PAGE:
In a few minutes I found him dodging behind doors to avoid friends who looked grave.
There, he found himself killing disease-carrying flies and rabid dogs, dodging mortars and huddling in bomb shelters.
He rockets across the screen, dodging boulders as he goes, and begins to shoot again.
"to move to and fro" (especially in an effort to avoid something), 1560s, origin and sense evolution obscure, perhaps akin to Scottish dodd "to jog." Common from early 18c. in figurative sense of "to swindle, to play shifting tricks." Related: Dodged; dodging.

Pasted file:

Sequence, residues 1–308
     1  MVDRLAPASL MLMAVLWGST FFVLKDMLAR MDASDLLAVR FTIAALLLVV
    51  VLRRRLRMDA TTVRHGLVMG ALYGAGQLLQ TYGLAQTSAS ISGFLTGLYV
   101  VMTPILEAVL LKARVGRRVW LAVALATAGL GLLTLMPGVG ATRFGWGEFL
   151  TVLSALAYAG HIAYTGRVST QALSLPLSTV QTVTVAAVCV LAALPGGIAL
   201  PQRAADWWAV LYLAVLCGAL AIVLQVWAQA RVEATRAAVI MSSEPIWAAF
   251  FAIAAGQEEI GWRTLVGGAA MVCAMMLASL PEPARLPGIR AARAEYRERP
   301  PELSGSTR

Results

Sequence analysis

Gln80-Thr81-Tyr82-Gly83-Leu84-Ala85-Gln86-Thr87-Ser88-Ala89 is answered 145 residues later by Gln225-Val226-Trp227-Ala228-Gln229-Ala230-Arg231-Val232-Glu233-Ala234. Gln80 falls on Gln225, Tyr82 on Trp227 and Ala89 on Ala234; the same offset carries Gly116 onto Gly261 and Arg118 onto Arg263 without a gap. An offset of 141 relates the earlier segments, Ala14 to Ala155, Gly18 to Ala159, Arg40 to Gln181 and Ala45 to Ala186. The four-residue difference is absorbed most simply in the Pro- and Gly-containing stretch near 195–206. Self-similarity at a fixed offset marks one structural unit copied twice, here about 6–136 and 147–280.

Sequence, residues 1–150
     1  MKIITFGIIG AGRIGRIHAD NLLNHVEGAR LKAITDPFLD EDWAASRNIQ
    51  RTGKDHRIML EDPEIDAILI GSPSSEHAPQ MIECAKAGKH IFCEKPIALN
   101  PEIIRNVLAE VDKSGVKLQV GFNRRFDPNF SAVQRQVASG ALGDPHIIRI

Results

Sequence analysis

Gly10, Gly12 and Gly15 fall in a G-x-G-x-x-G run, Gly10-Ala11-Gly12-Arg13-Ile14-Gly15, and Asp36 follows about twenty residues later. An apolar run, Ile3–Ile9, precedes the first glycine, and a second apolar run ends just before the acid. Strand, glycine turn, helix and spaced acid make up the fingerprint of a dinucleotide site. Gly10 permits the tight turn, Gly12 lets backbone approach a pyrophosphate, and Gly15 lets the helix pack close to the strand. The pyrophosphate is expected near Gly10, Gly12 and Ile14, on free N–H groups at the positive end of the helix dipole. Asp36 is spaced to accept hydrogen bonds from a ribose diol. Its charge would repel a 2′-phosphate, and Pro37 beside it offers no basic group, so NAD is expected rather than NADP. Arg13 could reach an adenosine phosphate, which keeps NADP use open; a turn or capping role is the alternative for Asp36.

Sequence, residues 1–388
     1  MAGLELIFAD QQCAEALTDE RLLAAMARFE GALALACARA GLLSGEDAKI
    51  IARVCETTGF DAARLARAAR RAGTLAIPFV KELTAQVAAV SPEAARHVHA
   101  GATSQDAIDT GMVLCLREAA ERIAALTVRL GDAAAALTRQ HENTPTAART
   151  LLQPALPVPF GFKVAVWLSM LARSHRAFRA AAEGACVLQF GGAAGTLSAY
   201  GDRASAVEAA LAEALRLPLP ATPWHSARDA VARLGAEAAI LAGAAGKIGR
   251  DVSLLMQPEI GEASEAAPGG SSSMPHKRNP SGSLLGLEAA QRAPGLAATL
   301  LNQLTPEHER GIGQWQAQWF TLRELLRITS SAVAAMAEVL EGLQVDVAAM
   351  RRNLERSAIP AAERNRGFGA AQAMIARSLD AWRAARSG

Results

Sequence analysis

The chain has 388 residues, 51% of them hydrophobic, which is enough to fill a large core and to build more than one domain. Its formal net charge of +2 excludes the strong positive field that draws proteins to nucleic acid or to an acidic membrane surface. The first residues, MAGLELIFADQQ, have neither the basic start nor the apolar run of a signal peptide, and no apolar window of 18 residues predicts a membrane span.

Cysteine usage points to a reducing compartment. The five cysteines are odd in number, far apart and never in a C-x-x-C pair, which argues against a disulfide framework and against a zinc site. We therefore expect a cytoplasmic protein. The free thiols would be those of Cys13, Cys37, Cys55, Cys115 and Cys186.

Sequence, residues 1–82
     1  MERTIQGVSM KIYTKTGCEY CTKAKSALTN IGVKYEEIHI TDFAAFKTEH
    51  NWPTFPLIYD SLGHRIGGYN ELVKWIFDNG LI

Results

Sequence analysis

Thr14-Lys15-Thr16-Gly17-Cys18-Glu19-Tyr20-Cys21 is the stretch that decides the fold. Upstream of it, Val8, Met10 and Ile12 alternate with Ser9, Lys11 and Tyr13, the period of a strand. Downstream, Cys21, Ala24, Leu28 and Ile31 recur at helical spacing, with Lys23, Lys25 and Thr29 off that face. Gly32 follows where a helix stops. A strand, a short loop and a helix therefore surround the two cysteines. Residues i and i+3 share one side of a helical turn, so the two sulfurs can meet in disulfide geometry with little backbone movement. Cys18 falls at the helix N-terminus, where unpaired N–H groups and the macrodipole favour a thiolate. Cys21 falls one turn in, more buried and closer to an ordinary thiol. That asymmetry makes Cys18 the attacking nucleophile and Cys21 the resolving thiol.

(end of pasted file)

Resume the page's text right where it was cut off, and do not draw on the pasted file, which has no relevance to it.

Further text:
"person's way of making a living," 1842, slang, from dodge (v.).
A person's way of making a living, esp if illegal or dubious •Often ironically and deprecatingly used of one's own perfectly ordinary line of work: We used to run gin, but when prohibition ended we had to give up that dodge/ One of the better practitioners of the dictionary dodge (1842+)